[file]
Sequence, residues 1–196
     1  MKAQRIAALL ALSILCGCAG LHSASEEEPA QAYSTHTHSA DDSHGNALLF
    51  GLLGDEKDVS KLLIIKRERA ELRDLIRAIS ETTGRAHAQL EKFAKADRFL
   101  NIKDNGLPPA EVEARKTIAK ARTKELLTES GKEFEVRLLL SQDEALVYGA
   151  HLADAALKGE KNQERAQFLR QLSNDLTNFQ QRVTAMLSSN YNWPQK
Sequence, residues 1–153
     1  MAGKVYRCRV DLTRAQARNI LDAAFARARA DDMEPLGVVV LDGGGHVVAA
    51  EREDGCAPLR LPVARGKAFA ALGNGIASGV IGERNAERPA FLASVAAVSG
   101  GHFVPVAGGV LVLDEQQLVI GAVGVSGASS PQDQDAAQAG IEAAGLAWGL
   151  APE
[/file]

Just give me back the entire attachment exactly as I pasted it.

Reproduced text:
Sequence, residues 1–196
     1  MKAQRIAALL ALSILCGCAG LHSASEEEPA QAYSTHTHSA DDSHGNALLF
    51  GLLGDEKDVS KLLIIKRERA ELRDLIRAIS ETTGRAHAQL EKFAKADRFL
   101  NIKDNGLPPA EVEARKTIAK ARTKELLTES GKEFEVRLLL SQDEALVYGA
   151  HLADAALKGE KNQERAQFLR QLSNDLTNFQ QRVTAMLSSN YNWPQK
Sequence, residues 1–153
     1  MAGKVYRCRV DLTRAQARNI LDAAFARARA DDMEPLGVVV LDGGGHVVAA
    51  EREDGCAPLR LPVARGKAFA ALGNGIASGV IGERNAERPA FLASVAAVSG
   101  GHFVPVAGGV LVLDEQQLVI GAVGVSGASS PQDQDAAQAG IEAAGLAWGL
   151  APE